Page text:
Issues in Science and Technology Librarianship
How to Write and Publish a Scientific Paper, sixth edition, Robert A. Day and Barbara Gastel ISBN 0-313-33040-9 Greenwood Press, 2006, 320 pages. Paperback $29.95.
Recognizing that publication is the final product of scientific research, Day (Scientific English: A Guide for Scientist and Other Professionals, 1995) and Gastel (Health Writer's Handbook, 2005) provide guidance for this potentially daunting process in this latest edition of a classic guide. Aimed at higher education students and early-career scientists and scholars this manual provides background information and direction throughout the entire writing and publication process. Day and Gastel begin by emphasizing the importance of planning aspects such as selecting a journal to submit proposals. Then How to... walks readers through the text preparation, preparing tables and graphics, methodology description, discussion sections, and formatting citations.
After addressing the final publication aspect of handling proofs, scientific writing tasks requiring special attention such as writing book reviews and letters to editors are addressed. Lastly special issues in writing are discussed such as writing for general audiences and the use of euphemisms. While the majority of How to... focuses on publication in the United States, one section addresses issues when publishing internationally.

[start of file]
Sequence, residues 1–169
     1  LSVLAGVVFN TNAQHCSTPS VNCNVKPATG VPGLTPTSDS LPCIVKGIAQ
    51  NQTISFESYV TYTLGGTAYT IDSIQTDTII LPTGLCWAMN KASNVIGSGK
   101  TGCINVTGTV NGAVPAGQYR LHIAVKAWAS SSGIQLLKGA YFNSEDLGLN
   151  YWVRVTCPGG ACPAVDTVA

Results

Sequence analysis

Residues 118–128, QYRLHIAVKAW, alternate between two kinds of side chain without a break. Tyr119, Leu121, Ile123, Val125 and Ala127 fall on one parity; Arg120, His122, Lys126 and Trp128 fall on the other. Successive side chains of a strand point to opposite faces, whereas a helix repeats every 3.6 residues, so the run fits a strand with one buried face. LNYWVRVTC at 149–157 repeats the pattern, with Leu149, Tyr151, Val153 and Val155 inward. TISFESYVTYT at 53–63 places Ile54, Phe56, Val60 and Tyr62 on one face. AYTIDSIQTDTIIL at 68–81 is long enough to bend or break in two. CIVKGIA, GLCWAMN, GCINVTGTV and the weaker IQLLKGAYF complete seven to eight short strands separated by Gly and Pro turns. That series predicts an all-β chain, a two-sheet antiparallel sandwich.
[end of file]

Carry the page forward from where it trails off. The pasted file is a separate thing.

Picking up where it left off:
How to... is organized into eight sections: preliminaries, preparing the text, preparing tables and figures, publishing the paper, writing for other publications, conference communications, scientific style, and other topics in scientific communication. It also includes references, three appendixes, a technical term glossary, a guide to Systéme International (SI) prefixes and abbreviations, a list of words and phrases to avoid, a list of journal title abbreviations, and an index. Useful examples are provided to demonstrate concepts throughout the text.
While substantial attention is devoted to instruction in writing scientific papers, as the title indicates, brief sections dedicated to other types of writing fail to properly address their topics. For example Day and Gastel devote four pages to preparing a thesis, but this does not adequately cover such an extensive topic. While the scope of this work covers more than preparing scientific papers for publication, information on other related topics beyond scientific papers is meager.
Overall, Day and Gastel concisely provide valuable, accurate, and up-to-date information. They focus on providing practical advice to readers, while still recognizing the difficulty and ambiguity of some aspects of the scientific writing and publishing process. No other available publication provides both the quality and quantity of information as this work which builds on the previous five editions. Despite the one flaw noted above, the comprehensiveness of coverage regarding writing and publishing scientific papers by Day and Gastel ensure its appeal to academic and science audiences.